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Old Age and Aged Deaths

by Kayleigh Seng, Jessica Otis
2022-07-18

The London Bills of Mortality were originally and primarily focused on deaths from plague, however they very quickly expanded to include other causes of death as well. From accidents and drownings to measles and smallpox, the printed bills included citywide summary statistics—rather than parish-by-parish breakdowns—for each week. While we can therefore learn a fair amount about causes of death throughout the city, very little information can be gleaned from the sixteenth- and seventeenth-century bills about the age at which people died.


The Parish Clerks' memento mori: Iconography of Death and trademark in The London Bills of Mortality, 1727-1752

by Hernán Adasme
2022-07-05

In the fourth week of 1727 the habitual readers of the Bills of Mortality noticed something different in the most recent bill. The bill printed on Thursday January 9th showcased a border of skulls and crossed-bones framing the death counts in both the verso and the recto.1 The artwork of the skull was fairly simple: a bike-seat-like cranium slightly bent to the right, with triangular nostrils, three ovals as eyes and mouth, and two crossed-bones at the bottom.


Strangled himself (being distracted): Messy Data and Suicides in the Bills of Mortality

by Emily Meyers
2022-06-20

Content Warning: This post contains subject matter that some may find sensitive or disturbing, be advised. If uncomfortable with this topic, you may support Death By Numbers in other posts. This blog post will be a bit different than a few of our previous posts. Now that we have discussed our project workflow, we are going to begin to discuss the content of the Bills themselves. One thing that we immediately noticed on beginning this project is that suicides are reported on the Bills in a variety of ways that lead to more questions than answers regarding the weekly suicide rate in London.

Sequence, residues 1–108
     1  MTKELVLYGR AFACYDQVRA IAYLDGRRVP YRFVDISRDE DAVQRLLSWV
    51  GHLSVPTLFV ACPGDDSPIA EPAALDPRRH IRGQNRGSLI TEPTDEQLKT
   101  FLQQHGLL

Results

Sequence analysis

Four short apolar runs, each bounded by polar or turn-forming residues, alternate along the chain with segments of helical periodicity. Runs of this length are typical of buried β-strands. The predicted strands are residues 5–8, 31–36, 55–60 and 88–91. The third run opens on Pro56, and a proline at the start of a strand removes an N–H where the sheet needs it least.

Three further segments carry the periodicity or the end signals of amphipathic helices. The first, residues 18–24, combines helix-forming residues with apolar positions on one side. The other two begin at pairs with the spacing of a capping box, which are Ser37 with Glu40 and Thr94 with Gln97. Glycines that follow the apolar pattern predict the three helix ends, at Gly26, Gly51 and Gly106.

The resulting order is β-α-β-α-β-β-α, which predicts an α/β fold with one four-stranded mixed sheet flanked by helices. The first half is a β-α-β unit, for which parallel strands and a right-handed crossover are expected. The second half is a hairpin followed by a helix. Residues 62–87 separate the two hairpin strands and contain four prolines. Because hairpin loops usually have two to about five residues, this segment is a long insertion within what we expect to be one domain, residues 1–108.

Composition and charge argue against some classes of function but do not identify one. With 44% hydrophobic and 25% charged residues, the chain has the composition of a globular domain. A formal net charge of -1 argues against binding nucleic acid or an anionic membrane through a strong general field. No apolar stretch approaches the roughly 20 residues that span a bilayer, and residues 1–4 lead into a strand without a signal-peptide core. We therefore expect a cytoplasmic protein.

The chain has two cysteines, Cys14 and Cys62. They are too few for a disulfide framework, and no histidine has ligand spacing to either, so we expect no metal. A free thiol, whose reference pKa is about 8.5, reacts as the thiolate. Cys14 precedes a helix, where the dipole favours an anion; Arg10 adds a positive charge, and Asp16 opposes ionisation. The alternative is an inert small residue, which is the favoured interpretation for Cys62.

How We Get Things Done: The Transcription Workflow

by Megan Brett, Dan Howlett
2022-05-23

Figure 1. Bills of Mortality Workflow. Once items are added to DataScribe and the datasets are ready for transcription, the transcription workflow begins. The project owner can assign users one of two roles: reviewer or transcriber. Reviewers can edit all records and items, regardless of the item’s status. For Bills of Mortality, Reviewers include the staff members on the project and our Digital History Research Assistants. Transcribers can only edit records and items which are locked to them.